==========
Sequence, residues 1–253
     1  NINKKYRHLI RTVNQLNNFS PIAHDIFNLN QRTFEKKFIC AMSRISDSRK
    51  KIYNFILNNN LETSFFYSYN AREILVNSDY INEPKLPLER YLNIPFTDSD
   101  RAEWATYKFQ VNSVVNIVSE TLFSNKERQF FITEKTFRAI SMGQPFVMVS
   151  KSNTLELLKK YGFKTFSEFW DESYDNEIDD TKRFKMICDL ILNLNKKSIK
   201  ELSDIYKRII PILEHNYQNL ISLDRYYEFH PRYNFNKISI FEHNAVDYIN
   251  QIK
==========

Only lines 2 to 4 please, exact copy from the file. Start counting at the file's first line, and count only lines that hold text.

     1  NINKKYRHLI RTVNQLNNFS PIAHDIFNLN QRTFEKKFIC AMSRISDSRK
    51  KIYNFILNNN LETSFFYSYN AREILVNSDY INEPKLPLER YLNIPFTDSD
   101  RAEWATYKFQ VNSVVNIVSE TLFSNKERQF FITEKTFRAI SMGQPFVMVS